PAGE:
Seb: Hello and welcome to Turning Point from Timely Coffees. My name's Seb. I'm one of the co-founders here and this is a video series we use to talk about the different aspects of the coffee industry and our approach to them at Timely and how they impact us here on a day to day basis. So last week we released a coffee called Hasambo and and Giorgia released a great video to go along with that. And we didn't have a lot of time to talk about the different aspects of what being in a cooperative really means to producers. So that coffee was produced by 500 different producers, and they were all operating together as a cooperative. And we wanted to spend a bit more time talking about why producers might choose to do this, why producers might not choose to do this, and what else it could really mean for coffee production. So to go along with this, we've got a great article written by our friend Jane O'Neil, and that'll be linked to in the video notes. But a couple of things that we wanted to talk about was a couple of the advantages that go along with being in a cooperative as a producer and some of the disadvantages. So firstly, why would a producer choose to be a part of a cooperative? Well, it's going to be a lot easier to sell your coffee if you are only producing a very small amount on your own. So it was a cooperative. The growers, the producers, they're actually producing coffee themselves. They're growing independently. But when they're maybe processing or selling coffee, that's when all of the resources are pulled together.
Seb: All of the crop is pulled together. So if I'm a producer and I'm only growing 100 kilos of coffee, it might be really hard for me to sell that coffee at the market. But if I can conjoin my lot with 50 other people who are all growing 100 kilos of coffee, then it's going to be a lot easier for us to negotiate a better price. And conversely, it's going to be a lot easier for us to negotiate a better price on materials. So if I'm buying fertiliser, it's going to be a lot cheaper for all 50 of us to buy fertiliser together and then distribute it after the fact. Then as well is going to be better support because we can all pool our resources together, we can all invest money back into the cooperative and then by maybe logistics and infrastructure that is going to benefit everyone and increase the quality of all of the members of the cooperative. But in saying that a cooperative is by no means a perfect structure, and if it was, everyone would be a part of the cooperative. So a couple of the reasons people may not choose to do this is in a cooperative. While it is good that all of the resources are distributed for the greater good, sometimes there can be corruption in a cooperative. Whoever's in charge of the funds and the distribution can take advantage of this. And it's been reported in the past and it's actually probably a lot more widespread than people realise.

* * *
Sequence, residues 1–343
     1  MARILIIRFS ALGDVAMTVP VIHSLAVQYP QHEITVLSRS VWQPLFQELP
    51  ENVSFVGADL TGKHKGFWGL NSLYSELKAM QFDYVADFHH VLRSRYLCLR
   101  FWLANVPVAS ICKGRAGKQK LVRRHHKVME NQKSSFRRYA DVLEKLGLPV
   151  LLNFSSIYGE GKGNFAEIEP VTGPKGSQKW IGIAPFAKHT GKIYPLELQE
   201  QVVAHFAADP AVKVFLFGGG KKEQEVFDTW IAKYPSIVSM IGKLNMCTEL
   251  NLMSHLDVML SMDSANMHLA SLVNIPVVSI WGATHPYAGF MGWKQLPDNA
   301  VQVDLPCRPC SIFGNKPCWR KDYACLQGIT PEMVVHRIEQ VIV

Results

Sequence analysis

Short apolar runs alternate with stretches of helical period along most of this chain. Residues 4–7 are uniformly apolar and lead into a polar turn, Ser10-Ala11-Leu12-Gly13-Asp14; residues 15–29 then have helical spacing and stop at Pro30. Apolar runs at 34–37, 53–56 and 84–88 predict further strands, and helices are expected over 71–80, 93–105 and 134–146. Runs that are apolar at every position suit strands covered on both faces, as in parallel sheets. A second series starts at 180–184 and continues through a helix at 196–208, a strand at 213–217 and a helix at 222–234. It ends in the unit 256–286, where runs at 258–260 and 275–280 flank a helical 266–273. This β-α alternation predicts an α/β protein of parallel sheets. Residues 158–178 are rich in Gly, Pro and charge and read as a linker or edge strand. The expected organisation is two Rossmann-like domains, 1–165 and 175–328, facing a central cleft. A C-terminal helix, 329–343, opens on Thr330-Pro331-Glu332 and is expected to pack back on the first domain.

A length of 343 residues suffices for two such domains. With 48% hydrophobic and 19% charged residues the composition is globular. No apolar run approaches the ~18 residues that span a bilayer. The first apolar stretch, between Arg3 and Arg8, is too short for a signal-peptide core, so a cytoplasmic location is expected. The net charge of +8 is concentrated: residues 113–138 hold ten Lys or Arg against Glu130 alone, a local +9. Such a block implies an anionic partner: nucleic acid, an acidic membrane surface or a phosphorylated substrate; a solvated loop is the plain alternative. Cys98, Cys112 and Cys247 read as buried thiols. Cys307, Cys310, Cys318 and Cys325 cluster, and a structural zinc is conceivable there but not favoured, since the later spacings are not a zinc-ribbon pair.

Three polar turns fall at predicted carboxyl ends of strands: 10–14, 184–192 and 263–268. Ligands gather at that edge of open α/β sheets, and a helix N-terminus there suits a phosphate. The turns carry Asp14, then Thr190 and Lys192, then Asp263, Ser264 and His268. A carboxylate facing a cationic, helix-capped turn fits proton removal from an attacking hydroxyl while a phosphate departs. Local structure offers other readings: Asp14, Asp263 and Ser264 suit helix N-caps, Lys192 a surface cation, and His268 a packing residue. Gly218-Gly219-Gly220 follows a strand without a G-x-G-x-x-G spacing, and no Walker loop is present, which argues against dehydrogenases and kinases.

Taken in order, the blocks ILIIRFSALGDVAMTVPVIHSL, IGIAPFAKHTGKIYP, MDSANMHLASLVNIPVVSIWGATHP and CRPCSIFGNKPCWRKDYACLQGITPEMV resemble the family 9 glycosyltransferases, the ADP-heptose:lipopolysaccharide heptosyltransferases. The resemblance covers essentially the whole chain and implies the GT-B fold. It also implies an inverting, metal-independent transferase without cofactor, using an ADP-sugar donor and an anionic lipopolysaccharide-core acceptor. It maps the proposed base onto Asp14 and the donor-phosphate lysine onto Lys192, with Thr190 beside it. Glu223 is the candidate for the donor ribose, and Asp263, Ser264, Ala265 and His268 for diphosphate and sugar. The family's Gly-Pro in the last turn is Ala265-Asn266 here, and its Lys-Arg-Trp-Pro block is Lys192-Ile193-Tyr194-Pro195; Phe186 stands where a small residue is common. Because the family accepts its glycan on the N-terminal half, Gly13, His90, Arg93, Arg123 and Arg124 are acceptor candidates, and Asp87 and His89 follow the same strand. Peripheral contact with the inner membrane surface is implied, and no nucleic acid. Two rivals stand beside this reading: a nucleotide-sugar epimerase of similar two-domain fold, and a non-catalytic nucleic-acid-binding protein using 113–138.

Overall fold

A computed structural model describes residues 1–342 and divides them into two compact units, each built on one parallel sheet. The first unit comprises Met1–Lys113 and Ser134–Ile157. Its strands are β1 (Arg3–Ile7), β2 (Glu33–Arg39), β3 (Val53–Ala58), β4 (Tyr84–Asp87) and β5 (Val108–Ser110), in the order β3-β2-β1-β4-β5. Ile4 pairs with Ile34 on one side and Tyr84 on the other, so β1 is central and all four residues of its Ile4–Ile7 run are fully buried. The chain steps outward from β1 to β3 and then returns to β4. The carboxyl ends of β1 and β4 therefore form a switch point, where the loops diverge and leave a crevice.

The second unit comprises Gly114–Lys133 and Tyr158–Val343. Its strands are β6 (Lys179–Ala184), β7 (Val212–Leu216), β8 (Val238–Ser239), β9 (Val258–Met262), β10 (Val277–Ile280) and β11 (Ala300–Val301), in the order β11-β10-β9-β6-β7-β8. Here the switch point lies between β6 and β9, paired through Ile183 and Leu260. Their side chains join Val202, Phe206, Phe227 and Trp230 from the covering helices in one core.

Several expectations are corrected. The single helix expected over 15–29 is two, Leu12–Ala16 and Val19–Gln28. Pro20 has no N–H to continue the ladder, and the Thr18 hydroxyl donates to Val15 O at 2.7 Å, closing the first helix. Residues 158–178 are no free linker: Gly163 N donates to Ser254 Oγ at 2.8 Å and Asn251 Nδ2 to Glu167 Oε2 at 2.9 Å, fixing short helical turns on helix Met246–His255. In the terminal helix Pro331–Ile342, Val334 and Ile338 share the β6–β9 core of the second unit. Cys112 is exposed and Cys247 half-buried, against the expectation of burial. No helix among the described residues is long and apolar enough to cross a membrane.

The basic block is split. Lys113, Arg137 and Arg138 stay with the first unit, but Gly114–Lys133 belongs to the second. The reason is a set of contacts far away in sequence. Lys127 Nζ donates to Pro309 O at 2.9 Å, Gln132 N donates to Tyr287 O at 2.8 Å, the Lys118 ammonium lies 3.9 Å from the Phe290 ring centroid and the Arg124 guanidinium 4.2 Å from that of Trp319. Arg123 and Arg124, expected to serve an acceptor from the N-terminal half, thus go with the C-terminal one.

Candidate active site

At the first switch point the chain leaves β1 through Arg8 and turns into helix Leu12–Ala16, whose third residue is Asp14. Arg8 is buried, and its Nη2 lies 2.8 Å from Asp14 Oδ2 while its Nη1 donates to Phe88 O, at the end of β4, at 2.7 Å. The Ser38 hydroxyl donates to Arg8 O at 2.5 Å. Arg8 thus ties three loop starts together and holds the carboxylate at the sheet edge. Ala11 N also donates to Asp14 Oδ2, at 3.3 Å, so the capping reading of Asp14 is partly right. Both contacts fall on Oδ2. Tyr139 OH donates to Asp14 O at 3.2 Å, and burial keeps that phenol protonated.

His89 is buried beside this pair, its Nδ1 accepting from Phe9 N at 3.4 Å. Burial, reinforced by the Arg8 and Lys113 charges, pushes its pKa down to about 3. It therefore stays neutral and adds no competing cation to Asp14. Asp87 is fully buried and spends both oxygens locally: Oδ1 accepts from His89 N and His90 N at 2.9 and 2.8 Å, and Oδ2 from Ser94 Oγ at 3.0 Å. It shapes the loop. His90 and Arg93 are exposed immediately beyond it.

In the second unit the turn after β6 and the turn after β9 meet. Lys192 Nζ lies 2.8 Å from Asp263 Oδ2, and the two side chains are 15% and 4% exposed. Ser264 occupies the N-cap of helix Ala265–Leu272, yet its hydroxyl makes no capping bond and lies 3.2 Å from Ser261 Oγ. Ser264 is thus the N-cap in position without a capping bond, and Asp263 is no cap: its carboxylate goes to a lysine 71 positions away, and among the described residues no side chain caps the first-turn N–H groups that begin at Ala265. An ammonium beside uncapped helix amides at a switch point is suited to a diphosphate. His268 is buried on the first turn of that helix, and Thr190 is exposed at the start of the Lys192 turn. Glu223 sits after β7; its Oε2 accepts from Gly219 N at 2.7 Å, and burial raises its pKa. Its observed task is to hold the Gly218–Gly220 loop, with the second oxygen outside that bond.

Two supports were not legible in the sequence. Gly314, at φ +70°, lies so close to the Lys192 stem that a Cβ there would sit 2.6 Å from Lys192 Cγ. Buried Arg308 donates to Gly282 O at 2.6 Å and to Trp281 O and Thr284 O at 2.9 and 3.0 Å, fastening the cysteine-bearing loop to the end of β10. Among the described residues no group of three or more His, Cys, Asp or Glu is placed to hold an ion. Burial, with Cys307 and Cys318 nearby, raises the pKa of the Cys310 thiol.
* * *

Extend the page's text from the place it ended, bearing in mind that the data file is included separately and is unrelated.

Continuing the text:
Seb: Also, if I am a producer and I'm a part of a cooperative and I'm producing 100 kilos, like I said, but maybe the farmer next to me who is only producing 20 kilos and we're both part of the same cooperative. We both get one vote on what's going to happen with the future and the funds of that cooperative as well. So it's not relative to how much we contribute, but it's every member gets a vote and that is not necessarily good or bad. You know, we don't really have an opinion on that at time, but it's just a fact of a cooperative, and this is how a lot of them are governed. It's definitely not the case for all of them, but it's it's the majority of governance in this way. That's the fundamental part of a cooperative. So these are a couple of the reasons why people would choose not to be a part of the cooperative. On top of this, there is there is a fundamental aspect of a cooperative which really inhibits traceability. So with a cooperative, with Hasambo, with Hasambo AMCOS like I was saying before, 500 producers in there, but there's not really going to be a way for us to find out the names of those people, you know, the. For us to be able to go and find out the, the exact producer's land or their conditions there. So it's going to be a little bit of a more challenging situation to get complete traceability all the way to the farm level. We can get it to the cooperative level and that's great.
Seb: And we might be able to get a couple of the key, key people's names, but we're not going to get a list of 500. And that's, again, like I said, neither good nor bad a cooperative is just another part. It's another structure in producing coffee and trying to sell coffee more fairly, in trying to make sure that it is as low risk as possible for producers. And it definitely has its place. But it's just important to remember that it is in no way a perfect system and it is in no way the only system out there as well. So this is just a little bit about cooperatives and there's a lot more to cover. And we really encourage you to do a little bit more reading. And we're really glad to see a lot more producers choosing to be a part of cooperatives, and that's a really big part of it for us that it is an. It's a producer's option as their choice to join the cooperative. And that is a really important part of what goes into us supporting cooperatives in that producers are actually choosing to be a part of that. So as a way of supporting their agency and we really want to make sure that we're supporting cooperatives. So this is just a little bit about it. Next week we've got another video coming out, nice, timely. And if you've got any questions, send me an email at SAB at Timely Coffees dot com, don't you? And otherwise I'll see you next week for another video. Thanks very much.